Once again, the annual MSI Symposium will feature eight prominent microbial scientists representing a wide variety of disciplines, four from Harvard and four from other institutions. This all-day event, which is free and open to the public, will be held in the Radcliffe Gymnasium at the Radcliffe Institute for Advanced Studies on the Cambridge campus.
Symposium topics reflect the enormous value MSI places on interdisciplinary research. At this yearís event, Harvardís own Jack Szostak will discuss the origin of cellular life and the emergence of Darwinian evolution. Maria Gloria Dominguez-Bello, a faculty member at the New York University School of Medicine, will provide an anthropological prospective on microbiota. From Harvardís School of Public Health, Wendy Garrett will talk about how the microbiota influences oneís health/disease state. Jorge Galán (Yale University School of Medicine) will take a look at the unique biology of Salmonella typhi. One of MSIís original faculty members, Andy Knoll, will reveal the history of life written in stone by stromatolites. Tom Schmidt, who recently joined the faculty at the University of Michigan, will discuss the microbial ecology of low oxygen environments. Harvardís Dan Kahne will talk about his research on the biogenesis of the cell envelope. The regulatory role at the membrane by previously ignored small proteins will be presented by Gisela Storz from the National Institutes of Health.
This 10th annual MSI Symposium will begin on April 13th at 8:30 am with a light breakfast followed by the lecture series. The audience is free to explore the Harvard Square area for lunch from 12:00 until 2:00 pm. At 5:00 pm the MSI is hosting a catered reception for symposium speakers and participants. We hope that you will join us for what is our largest event of the year, aimed at stimulating discussion among members of the scientific community and strengthening integrative science programs.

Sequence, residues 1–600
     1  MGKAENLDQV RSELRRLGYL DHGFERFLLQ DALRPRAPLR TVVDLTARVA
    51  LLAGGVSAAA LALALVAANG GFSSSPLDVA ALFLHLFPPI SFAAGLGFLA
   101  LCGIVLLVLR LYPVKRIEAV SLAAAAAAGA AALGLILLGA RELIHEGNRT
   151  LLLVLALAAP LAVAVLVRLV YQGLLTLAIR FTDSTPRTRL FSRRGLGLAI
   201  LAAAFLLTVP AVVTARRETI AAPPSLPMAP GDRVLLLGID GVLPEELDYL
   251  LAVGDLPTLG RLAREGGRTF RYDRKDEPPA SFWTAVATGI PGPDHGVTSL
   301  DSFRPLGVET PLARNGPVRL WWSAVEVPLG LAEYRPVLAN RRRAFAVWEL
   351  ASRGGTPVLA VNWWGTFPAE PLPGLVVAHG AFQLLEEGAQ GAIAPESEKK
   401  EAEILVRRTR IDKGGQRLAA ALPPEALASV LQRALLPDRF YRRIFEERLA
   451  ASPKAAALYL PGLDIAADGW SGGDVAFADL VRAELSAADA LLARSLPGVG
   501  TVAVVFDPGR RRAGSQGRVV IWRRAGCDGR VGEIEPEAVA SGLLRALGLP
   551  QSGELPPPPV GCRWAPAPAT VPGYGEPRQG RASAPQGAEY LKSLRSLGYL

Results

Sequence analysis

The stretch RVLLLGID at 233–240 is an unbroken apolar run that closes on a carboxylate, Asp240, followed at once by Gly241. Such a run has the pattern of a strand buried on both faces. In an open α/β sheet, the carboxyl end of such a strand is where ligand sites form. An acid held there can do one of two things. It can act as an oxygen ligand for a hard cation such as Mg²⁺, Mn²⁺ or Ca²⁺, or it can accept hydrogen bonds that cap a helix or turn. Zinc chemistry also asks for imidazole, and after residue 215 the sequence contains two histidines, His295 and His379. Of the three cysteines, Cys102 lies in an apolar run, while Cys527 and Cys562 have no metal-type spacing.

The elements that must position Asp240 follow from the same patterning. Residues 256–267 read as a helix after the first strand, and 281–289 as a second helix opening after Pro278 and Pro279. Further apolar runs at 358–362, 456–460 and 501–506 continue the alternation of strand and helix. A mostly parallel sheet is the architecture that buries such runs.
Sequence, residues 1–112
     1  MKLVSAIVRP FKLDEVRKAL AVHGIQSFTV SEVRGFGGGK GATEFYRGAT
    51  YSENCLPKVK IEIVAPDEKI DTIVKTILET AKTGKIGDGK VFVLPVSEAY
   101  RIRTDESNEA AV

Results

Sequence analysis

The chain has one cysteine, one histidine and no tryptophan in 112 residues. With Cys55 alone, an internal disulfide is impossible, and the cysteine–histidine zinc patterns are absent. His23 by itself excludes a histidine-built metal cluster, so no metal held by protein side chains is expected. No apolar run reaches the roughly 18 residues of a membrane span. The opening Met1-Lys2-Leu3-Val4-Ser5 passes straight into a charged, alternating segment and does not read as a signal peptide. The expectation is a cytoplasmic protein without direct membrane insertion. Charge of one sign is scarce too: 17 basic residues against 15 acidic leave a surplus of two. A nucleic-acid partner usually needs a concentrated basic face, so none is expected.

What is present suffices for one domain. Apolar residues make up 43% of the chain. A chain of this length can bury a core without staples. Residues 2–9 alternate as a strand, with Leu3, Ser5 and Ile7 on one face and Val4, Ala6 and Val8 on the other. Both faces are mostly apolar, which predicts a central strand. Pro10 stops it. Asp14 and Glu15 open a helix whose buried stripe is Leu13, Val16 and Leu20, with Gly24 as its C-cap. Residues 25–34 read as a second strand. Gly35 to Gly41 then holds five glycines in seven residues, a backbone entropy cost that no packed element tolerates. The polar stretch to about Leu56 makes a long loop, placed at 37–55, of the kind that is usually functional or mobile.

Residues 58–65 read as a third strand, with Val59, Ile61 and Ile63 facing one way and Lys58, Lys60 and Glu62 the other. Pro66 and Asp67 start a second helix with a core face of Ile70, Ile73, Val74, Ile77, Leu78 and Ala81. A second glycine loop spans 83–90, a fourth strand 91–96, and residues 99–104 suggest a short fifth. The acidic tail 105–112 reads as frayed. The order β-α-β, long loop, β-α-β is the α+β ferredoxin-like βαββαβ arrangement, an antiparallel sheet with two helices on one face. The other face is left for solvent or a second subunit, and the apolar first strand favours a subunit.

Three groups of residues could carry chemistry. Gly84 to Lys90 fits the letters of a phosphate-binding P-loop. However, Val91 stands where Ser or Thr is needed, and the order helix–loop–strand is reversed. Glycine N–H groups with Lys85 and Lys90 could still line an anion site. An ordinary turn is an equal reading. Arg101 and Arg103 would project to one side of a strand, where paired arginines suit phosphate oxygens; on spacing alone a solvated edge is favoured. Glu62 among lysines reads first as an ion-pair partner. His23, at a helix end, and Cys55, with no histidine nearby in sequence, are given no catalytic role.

Even though bacteria are not multicellular, they are known to have evolved an adaptive immune system, called CRISPR/Cas. This system targets and destroys specific DNA sequences from foreign, dangerous sources, such as viruses that infect bacteria, called bacteriophages. MSI affiliate Steve Calderwood and colleagues found that, in a "remarkable turn of events," a bacteriophage that infects V. cholerae actually has its own CRISPR/Cas system that allows it to avoid the immune defenses of V. cholerae and lead to lytic infection of the bacteria.
Researchers in the lab of MSI faculty associate Adam Cohen have characterized the mechanism and properties of a bacterial rhodopsin that fluoresces at different wavelengths based on the bacterial membrane’s voltage. This understanding will help in designing better voltage-sensitive rhodopsins that will enable scientists to visualize dynamic changes in membrane voltage in individual cells and in collective groups. Visualization of membrane voltage using rhodopsins has broad applications, such as allowing researchers to probe the dynamics of neurons and cardiac cells.
Information about constructs from the Cohen Lab for expressing microbial rhodopsin can be found here:
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MSI affiliate Curtis Huttenhower and colleagues have developed a novel tool to detect and quantify the species composition of diverse, clinically-relevant bacterial communities. This tool, called the BactoChip, is a microarray containing targets for species-specific genes of 54 species of bacteria. A proof of concept experiment was able to detect the species present in the human oral microbiome.
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